Busan’s industrial waterfront gets a makeover and Portland looks to integrate nature.
This is what global commerce looks like from a dock in Busan, on South Korea’s southern coast: metal containers, towering cranes and ships bigger than a city block gliding past each other in the harbour. It’s a snapshot of the products and parts that pass through the country’s busiest container port on their way to and from Seoul, Shanghai, Seattle and beyond.
It’s also the view from Park Ho-chul’s office at the Busan Port Authority. As the head of port logistics, Park keeps everything running smoothly. At the moment he has another responsibility: giving the industrial waterfront a €7bn makeover. By 2030, Busan plans to turn a 3km stretch of its old industrial port into parks, walkways and a marina. There will be high-rise hotels and apartments, a water park, conference halls and an opera house by Oslo-based architecture firm Snøhetta.
The idea is to create a more liveable place for residents and a more attractive tourist destination. “More than 70 per cent of the land will be public space,” says Park. “The new opera house will be on an artificial island that we are making now.”
For centuries Busan’s port has been a magnet for money and commerce. And it still is: so many ships now pass through that the national government is funding an expansion of the new port to the west that opened just over a decade ago. Construction crews are at work on a 101-storey tower overlooking Haeundae beach and tourists are booking rooms at the Ananti Cove, a seaside resort with a members-only complex of penthouses that opened last summer. An art museum, designed by Japanese architect Kengo Kuma, is also in the works. “I probably won’t be around when the redevelopment is completed but by then the city will be a very different place,” says Park.
Vienna has a high-rise headache after a development proposal last year threatened its Unesco World Heritage status. The building’s designer, Brazilian architect Isay Weinfeld, says it will be “subtle”. Yet the tower is slated to reach 66 metres, exceeding Unesco’s 43-metre limit.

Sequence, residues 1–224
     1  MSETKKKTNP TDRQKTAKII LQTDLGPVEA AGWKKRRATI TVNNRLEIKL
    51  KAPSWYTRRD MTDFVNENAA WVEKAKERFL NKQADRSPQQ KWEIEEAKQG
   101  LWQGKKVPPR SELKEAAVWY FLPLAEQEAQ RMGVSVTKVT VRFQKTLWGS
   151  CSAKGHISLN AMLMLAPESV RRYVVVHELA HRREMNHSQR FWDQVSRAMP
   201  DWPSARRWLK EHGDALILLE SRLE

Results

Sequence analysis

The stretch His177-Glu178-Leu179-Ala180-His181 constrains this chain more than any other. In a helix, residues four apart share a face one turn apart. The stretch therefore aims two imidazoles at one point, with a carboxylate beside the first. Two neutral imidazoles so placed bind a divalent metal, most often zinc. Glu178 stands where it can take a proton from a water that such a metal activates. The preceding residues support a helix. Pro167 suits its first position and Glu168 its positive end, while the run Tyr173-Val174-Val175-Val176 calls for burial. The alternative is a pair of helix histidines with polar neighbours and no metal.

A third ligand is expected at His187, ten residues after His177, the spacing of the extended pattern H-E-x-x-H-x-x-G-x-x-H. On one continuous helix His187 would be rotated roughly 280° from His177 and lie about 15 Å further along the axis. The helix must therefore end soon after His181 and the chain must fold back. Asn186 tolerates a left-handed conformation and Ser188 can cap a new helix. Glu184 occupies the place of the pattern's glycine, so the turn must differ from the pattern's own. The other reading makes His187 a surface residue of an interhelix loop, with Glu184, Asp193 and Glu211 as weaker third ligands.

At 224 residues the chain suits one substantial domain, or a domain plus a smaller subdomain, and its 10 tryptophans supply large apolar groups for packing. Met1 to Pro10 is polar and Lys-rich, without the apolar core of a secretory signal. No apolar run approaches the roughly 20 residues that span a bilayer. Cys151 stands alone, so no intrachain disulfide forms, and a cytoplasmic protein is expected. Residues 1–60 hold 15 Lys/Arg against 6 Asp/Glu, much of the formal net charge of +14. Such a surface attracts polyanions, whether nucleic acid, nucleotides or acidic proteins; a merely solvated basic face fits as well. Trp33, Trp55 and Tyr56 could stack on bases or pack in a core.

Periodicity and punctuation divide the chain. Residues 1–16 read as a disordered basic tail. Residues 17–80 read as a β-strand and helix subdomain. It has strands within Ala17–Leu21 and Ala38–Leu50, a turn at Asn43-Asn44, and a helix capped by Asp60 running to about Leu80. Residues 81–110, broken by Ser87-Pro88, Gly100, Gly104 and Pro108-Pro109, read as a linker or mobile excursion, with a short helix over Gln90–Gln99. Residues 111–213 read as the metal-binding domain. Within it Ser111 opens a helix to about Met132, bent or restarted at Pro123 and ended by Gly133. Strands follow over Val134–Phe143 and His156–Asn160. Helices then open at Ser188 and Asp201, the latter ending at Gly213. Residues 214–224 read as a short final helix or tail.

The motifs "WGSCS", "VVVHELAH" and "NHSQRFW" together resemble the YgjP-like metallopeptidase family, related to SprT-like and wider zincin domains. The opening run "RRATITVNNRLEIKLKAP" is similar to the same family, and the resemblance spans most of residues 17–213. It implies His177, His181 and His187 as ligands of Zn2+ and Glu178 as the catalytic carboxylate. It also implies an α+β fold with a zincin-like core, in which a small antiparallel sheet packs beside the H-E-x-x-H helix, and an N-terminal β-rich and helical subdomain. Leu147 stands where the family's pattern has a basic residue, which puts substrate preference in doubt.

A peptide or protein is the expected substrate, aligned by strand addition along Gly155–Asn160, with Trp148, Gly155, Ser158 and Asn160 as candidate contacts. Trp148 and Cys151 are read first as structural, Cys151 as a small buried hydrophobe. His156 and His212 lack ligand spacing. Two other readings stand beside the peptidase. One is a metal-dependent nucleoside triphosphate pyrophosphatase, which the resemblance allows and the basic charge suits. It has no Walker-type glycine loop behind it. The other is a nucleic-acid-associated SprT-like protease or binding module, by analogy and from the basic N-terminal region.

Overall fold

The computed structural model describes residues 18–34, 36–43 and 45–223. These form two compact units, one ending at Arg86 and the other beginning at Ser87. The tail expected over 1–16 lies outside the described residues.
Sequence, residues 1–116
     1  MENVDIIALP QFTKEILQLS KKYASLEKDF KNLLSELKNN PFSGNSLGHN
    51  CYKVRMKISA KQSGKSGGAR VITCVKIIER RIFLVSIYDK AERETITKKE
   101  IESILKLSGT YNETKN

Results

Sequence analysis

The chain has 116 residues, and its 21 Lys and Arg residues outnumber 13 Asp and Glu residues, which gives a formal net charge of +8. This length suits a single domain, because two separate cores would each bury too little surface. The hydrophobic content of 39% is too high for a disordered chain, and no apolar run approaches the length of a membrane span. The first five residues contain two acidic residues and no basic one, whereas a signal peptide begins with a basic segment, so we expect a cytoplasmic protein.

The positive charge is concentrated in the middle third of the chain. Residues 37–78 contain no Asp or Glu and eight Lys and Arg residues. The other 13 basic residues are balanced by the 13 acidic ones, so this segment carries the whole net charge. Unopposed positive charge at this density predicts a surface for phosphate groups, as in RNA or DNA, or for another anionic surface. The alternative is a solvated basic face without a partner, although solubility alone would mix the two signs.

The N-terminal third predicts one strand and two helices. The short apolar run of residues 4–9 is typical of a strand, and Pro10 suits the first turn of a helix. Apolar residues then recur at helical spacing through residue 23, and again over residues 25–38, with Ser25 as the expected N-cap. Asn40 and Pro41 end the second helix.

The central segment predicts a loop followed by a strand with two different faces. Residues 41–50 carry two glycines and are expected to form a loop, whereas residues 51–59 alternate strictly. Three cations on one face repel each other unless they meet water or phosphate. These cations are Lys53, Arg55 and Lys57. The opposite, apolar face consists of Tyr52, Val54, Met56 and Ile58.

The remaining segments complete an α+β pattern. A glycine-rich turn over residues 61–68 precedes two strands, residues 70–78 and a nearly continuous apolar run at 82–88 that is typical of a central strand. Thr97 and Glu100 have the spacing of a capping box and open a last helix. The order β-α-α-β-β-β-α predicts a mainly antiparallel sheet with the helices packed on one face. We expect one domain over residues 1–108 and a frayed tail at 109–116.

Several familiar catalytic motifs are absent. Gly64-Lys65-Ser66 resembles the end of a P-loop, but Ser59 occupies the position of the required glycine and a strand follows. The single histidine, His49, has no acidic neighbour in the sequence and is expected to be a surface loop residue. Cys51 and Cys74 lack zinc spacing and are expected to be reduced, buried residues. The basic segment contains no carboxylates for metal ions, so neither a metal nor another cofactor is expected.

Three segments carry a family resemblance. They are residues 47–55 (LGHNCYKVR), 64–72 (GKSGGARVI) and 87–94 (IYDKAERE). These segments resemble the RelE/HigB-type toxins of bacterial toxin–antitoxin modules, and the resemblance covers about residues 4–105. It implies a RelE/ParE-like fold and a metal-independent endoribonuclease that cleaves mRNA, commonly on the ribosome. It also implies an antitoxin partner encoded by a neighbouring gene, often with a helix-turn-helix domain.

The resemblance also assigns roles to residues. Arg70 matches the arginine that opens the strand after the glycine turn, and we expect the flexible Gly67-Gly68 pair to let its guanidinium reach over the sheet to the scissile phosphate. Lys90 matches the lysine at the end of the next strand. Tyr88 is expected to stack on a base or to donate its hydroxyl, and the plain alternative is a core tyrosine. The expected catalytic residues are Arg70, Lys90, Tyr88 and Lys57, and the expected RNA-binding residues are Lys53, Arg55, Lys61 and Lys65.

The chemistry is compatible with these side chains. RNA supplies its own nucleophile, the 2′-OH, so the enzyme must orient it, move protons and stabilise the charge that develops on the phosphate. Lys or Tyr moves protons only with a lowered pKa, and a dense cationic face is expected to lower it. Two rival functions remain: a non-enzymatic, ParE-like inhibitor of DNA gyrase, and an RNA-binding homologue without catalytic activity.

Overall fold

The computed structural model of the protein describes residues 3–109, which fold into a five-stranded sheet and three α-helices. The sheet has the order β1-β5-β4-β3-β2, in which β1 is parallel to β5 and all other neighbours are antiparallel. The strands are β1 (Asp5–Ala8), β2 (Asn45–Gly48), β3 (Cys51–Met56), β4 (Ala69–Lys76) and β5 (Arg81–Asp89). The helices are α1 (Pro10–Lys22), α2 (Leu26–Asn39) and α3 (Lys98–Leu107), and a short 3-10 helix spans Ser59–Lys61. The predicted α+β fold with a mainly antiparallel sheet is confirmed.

Now the Austrian government has stepped in: in February it gave a report to Unesco, promising to bring in international experts to assess the project but, tellingly, not mentioning its height. Unesco is unlikely to delist Vienna – but there is still a risk that it could.
Portland’s renowned urban-planning programme frequently draws delegations from other cities but now the Pacific Northwest centre is considering a different sort of visitor. A sweeping new plan includes expanding a network of wildlife habitat and migration corridors crisscrossing the city’s heart. “We’ve protected nature for a long time,” says city-planner Mindy Brooks, citing Portland’s parks, rivers and urban forests. “But we will become much denser so we need to do more to integrate nature as we go.”
Current plans sketch potential routes for animals and the 200 or so bird species that ply the Pacific coast. It creates a parallel transport system, stitched from parks, back gardens and street trees. While other urban areas around the world live alongside wildlife – boars in Berlin, bears in New Jersey – Portland is plotting a harmonious example of co-existence.
Bridges connect but they can also divide. The proposed revival of the Strait of Messina Bridge project to connect Sicily and the mainland means that a battle that has been fought twice already this century may resume. Cost has been the main concern; environmental impact another. But they’re not the only obstacles; here are the region’s top three divisive bridges.
Strait of Messina Bridge
Sicilian urbanists thought they had seen off this unwanted link to the mainland but it was resurrected during this year’s election campaign.
Driving between Split and Dubrovnik in Croatia involves a trip to Bosnia, which is holding on to 20km of coastline that it gained in 1699. The EU has given Croatia funds to bypass the two border crossings but Bosnia has called the proposed span “an illegal and politically violent bridge”.
This crossing from the Serbian town of Ljubovija to Bratunac in Bosnia has already been built – but no one has crossed. Disagreements between Bosnia’s border authorities and the country’s majority ethnic-Serb “entity” have left the bridge without immigration control. Ironically, its name means “brotherly love”.